Upgraded Hop Filter
- So the first design requirement for this second filter was to be as convenient to disassemble as the first filter, but be lower in profile. My old filter would leave at least a liter or two of wort behind in the kettle because the filter was so tall (it was easier to suck air down into the filter than it was to pull the last inch or two of wort from the sides of the filter).
- So the second requirement was the filter had to be pretty low profile (as flat as possible) to minimize losses.
- Third; it had to be all stainless steel. Below is what I came up with.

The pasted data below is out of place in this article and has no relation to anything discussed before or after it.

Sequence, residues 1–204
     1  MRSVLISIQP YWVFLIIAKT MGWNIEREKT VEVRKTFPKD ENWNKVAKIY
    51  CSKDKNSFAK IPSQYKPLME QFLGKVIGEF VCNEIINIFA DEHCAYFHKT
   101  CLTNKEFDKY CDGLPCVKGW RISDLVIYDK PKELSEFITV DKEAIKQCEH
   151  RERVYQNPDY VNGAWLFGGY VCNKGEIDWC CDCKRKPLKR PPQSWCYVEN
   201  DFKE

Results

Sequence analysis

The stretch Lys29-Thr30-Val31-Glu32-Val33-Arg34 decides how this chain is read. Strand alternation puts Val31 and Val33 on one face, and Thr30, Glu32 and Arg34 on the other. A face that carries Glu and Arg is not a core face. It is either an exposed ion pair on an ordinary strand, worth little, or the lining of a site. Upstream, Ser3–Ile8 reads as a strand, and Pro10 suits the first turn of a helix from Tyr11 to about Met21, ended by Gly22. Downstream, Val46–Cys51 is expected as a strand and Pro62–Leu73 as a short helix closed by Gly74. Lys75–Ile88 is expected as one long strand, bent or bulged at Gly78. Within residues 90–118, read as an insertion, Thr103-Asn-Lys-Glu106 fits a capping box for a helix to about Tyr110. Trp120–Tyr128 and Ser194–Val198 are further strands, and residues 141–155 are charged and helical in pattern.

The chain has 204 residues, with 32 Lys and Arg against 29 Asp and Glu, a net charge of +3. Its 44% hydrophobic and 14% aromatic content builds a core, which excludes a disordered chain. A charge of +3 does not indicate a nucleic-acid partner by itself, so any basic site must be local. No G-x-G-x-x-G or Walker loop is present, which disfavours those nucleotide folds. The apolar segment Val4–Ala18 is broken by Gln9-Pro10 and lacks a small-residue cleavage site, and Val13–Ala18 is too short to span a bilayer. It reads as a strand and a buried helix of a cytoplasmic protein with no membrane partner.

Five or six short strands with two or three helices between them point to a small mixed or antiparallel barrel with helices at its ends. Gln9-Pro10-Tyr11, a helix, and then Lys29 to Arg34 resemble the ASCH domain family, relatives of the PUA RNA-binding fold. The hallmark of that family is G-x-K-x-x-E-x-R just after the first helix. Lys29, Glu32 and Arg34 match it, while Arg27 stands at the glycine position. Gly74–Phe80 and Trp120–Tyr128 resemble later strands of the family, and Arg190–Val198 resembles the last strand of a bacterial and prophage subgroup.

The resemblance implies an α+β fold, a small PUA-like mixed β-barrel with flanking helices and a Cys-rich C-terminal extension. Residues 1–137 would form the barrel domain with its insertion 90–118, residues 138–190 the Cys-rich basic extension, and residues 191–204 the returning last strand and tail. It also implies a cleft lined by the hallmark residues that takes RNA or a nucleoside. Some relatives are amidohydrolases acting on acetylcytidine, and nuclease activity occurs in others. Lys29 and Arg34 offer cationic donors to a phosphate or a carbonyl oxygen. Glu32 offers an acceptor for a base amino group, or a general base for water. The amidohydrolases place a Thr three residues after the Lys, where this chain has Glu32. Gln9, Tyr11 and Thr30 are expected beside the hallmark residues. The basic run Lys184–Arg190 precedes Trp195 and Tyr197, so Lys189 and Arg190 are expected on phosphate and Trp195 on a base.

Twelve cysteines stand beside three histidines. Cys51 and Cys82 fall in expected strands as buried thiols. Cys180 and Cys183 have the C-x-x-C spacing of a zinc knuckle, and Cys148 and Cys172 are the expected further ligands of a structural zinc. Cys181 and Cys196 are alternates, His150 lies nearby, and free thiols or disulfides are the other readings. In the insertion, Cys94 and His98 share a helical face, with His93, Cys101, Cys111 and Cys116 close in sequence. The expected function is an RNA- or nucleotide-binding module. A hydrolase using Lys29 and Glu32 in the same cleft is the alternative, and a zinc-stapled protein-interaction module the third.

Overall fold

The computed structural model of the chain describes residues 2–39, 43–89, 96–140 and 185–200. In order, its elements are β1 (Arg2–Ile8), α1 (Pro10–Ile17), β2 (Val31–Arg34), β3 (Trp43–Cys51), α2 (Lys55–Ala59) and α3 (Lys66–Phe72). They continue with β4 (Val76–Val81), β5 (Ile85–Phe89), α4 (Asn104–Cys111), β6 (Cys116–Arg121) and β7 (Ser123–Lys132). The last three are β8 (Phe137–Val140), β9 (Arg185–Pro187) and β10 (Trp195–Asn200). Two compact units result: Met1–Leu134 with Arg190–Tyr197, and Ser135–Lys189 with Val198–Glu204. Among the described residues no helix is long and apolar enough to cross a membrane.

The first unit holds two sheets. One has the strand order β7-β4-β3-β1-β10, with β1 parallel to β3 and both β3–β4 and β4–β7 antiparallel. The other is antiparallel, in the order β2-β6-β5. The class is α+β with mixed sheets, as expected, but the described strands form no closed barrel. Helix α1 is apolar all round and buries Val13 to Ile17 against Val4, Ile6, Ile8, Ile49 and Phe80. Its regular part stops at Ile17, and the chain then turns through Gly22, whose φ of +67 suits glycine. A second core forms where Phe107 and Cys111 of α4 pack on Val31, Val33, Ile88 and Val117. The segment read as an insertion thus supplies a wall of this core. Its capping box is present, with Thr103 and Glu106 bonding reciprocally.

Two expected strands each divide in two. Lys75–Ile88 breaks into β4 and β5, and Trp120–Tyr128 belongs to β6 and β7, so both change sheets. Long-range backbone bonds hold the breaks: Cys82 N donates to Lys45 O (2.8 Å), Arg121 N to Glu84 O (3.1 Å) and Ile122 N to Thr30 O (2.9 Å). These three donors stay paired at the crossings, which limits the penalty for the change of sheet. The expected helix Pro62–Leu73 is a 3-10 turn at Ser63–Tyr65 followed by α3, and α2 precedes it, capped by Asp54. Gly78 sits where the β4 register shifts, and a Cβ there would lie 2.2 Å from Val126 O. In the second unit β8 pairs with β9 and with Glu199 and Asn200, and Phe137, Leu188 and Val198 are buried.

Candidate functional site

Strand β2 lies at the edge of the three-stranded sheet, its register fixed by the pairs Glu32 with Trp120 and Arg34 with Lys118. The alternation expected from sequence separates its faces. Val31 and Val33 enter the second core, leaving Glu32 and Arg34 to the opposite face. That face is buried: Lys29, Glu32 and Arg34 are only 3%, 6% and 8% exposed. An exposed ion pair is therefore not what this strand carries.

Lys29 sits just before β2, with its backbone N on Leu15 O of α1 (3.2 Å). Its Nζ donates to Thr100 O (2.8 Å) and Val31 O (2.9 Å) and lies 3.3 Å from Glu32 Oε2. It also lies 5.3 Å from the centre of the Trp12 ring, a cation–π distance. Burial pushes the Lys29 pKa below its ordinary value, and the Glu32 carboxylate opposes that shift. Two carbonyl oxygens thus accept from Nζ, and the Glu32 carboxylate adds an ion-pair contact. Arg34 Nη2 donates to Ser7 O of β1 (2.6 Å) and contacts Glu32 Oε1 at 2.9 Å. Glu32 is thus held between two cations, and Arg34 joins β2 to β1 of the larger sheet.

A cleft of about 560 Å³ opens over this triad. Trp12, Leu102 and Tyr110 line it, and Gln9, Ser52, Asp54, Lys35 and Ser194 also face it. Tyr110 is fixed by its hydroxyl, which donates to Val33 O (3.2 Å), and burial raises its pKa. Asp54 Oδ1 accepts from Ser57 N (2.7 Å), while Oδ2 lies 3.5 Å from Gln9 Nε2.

The frames are 1/4" high pressure SS tubing (lots in the scrap bins at work), the mesh was a #30 x 0.013" sizing and I pulled and sewed the edges as can be seen in the first photo below. The Inlet tube was a 1/2" SS tube which I threaded with a 1/2"-18 thread onto a SS plate on the inside to hold the tube into the filter. This SS plate is bent slightly to keep the bottom of the filter off of the inlet tube. I also bent some SS welding wire into some clamps to hold the filter together. The whole filter assembly is 1/2" tall when it is laying flat on the kettle bottom and cost $12.58 for the SS mesh (all other parts and tube I had laying around in the scrap bin @ work :)